10.1 A Phenomenological Investigation of Voluntary Exits from the Atmospheric Science Occupation

Wednesday, 25 January 2017: 4:00 PM
308 (Washington State Convention Center )
Amanda K. Kis, Univ. of Oklahoma, Norman, OK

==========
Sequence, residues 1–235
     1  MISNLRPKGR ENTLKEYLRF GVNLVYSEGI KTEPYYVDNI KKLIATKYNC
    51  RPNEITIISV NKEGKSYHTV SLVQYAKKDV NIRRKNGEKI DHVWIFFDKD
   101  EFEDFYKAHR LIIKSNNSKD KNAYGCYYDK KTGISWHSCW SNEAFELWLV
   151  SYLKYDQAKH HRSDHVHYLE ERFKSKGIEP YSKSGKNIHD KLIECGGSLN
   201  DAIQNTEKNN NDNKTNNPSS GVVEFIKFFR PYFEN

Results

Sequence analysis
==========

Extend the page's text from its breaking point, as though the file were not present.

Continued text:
Employment data on degree-holding atmospheric scientists (including meteorologists) is sparse; what little there is suggests a sizable number work outside of the occupation. Occupational factors that may contribute to exits have not been closely examined, although implications of supply-and-demand studies suggest that lacking entry-level jobs and low salaries may play a role. The purpose of this study is to investigate the experiences of atmospheric scientists who worked in the occupation before voluntarily exiting it. This study answers calls for increased honesty about employment by providing detailed descriptions of the experiences of working atmospheric scientists to aspiring atmospheric scientists and their educators. A scientific phenomenological approach, which is new to the atmospheric science literature, is well suited to understanding exit experiences. Consistent with this type of approach, the main research question is: What is it like to voluntarily exit the atmospheric science occupation? The research is additionally guided by the questions: How do occupational factors contribute to exits? How do atmospheric scientists who have already exited the occupation evaluate the avoidability of their exits?  Data were collected via approximately 1.5-hour semi-structured interviews with sixteen degree-holding atmospheric scientists who worked in various facets of the occupation before voluntarily exiting. Interview transcriptions were analyzed by parsing out significant statements with relevant and unique descriptions (“horizonalization”) to identify the essential structure of the experience of exiting the atmospheric science occupation. Exits were initially unplanned and evolved in response to job insecurity, unsustainable compensation, unwanted career progression, disillusionment with occupational culture, and unsatisfactory fit with familial needs. Transferrable skills, outside contacts, and social support the participants acquired while working in the occupation eased their transitions to other occupations. Although participants ultimately viewed their exits as “right” and “necessary,” they in some cases also saw them as “wasteful” and resulting from failure. Even when they wished to stay in the occupation, they could not find financial or emotional incentives to try to do so; they saw their exits as final, and several did not feel that a return would be possible. Each participant placed their exit within larger issues related to supply-and-demand and, in doing so, gave a nuanced view of how unbalanced supply-and-demand affects even those who are able to find work in the occupation. These results give focus to topics for future occupational studies.
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